I wasn’t able to attend this weekend’s OAH conference in Atlanta, but followed several panels with interest, in particular the session on blogging and scholarship (marooned, sadly, to Sunday morning). Featuring several prominent blogger-historians such as John Fea, Ann Little (aka Historiann), Ben Alpers of USIH Blog, Jeff Pasley of Common-place, Mike O’Malley (The Aporetic), Claire Potter (Tenured Radical), and Ken Owen of The Junto, the panel discussed a range of issues about blogging as a historian (you can find a Storify of tweets about the panel here, courtesy of Michael Hattem). The conversation sounds like it was fascinating, and many of the panelists have already (or plan to shortly) post their comments. (See, for example, Historiann, John Fea, and Mike O’Malley.)
For me, several thoughts lingered as I’ve read about the panel.
First, the question is impossible to answer, or requires one to say “sometimes.” For some scholars and some blogs the answer is “of course.” Claire Potter’s book blog, Caleb McDaniel’s open notebook for his project, the USIH group blog, and everything Ben Schmidt writes at Sapping Attention come immediately to mind, but there are dozens of other examples. Other blogs don’t aim for “scholarship” in the narrowest sense (John Fea had interesting thoughts on how to construe the term) but do wonderful service to the profession by highlighting books of interest, topics that deserve coverage, and connecting history to the present. And some blogs do a little bit of everything. John Fea is my best example of this. In a single day, he will post interviews with authors and book reviews, highlights of research projects, notes about teaching, and Springsteen concert clips. Go ahead over and read The Way of Improvement Leads Home and then tell me how you’d classify it. I can’t—and I like it that way. In other words, the framing question led to an interesting conversation, but I’m also not sure what the point of the question was.
Second, we still need to have this conversation, even if it’s frustrating. However certain we may be in our own public writing, many of our colleagues don’t really know what blogging is, don’t know how to classify it, and find it confusing or hard to classify. I think that position would in some way describe the majority of history faculty, who at this point don’t actively oppose blogging as a writing form but just don’t know what to do with it. Every time we have a public conversation at OAH, AHA, SHEAR, the Omohundro Institute, and other subfield conferences, we educate a little bit, talk about what we do, and perhaps distill fears. That at least is the positive spin. But it’s important to remember that most historians don’t blog; it just seems that way when you’re on Twitter. We still have to convince others that it’s a worthwhile activity with scholarly value and thus be attuned to a skeptical (but “winnable”) audience within the profession.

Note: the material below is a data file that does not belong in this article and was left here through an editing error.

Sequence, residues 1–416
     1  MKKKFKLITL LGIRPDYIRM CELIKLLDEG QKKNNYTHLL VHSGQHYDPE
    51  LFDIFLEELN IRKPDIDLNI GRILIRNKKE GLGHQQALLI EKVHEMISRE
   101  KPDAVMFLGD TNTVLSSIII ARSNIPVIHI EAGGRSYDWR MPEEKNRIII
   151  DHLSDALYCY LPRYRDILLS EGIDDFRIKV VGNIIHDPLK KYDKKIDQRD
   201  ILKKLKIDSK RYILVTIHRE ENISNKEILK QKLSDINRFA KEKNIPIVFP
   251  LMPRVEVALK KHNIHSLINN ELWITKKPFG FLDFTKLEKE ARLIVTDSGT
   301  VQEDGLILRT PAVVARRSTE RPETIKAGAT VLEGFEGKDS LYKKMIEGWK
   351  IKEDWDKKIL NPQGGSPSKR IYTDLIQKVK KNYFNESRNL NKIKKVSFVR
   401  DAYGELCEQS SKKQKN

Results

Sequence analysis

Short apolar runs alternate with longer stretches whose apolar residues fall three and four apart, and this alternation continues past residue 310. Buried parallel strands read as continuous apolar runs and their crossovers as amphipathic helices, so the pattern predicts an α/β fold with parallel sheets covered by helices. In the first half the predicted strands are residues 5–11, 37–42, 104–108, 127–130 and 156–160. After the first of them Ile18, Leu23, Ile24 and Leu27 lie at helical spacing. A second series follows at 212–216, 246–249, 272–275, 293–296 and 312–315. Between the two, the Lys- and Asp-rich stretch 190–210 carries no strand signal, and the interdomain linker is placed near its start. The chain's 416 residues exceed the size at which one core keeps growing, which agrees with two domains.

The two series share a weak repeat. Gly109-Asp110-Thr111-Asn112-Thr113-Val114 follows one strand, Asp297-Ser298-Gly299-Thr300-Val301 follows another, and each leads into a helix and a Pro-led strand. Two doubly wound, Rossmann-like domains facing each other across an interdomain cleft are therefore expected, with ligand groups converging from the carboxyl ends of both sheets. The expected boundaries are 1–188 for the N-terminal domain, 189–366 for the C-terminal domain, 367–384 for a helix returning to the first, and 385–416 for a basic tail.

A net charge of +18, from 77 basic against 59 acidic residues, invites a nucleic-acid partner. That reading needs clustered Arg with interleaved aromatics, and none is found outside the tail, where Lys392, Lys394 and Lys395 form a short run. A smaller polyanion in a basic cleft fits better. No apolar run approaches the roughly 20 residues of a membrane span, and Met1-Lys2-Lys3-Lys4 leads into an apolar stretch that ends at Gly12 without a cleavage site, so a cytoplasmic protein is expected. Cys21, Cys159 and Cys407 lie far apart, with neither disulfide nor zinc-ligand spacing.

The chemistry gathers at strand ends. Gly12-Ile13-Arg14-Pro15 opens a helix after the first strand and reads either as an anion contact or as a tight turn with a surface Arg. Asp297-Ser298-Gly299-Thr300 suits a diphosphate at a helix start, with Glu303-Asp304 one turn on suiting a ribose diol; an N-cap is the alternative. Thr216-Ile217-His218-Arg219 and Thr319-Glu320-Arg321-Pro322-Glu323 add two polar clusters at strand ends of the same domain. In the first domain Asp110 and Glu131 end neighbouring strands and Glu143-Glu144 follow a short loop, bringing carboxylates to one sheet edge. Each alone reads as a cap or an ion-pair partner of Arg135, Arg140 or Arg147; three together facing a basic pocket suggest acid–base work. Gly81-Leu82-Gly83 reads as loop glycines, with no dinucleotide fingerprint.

Third, I wish we could stop having these existential conversations and just talk about what we can do with blogging. Instead of a panel framed around the question, “Is Blogging Scholarship?” that forces us to defend blogging, why not a series of panels that feature the work that bloggers do as part of the profession. Make it three parts for the legs of the “stool” on which faculty are evaluated. A panel called “Blogging as Scholarship” might highlight the work of historians who do use the blogs for scholarship of various sorts. “Blogging as Teaching” could examine how scholars integrate blog posts as reading assignments, to supplement and extend classroom discussions, and to invite students to do more public writing. (Note that I’ve written on this issue for The Junto.) The point is probably clear, but a hypothetical third panel would think about “Blogging as Service,” inviting scholars to consider ways to make blogging part of their service to their departments, universities, the profession, and local communities.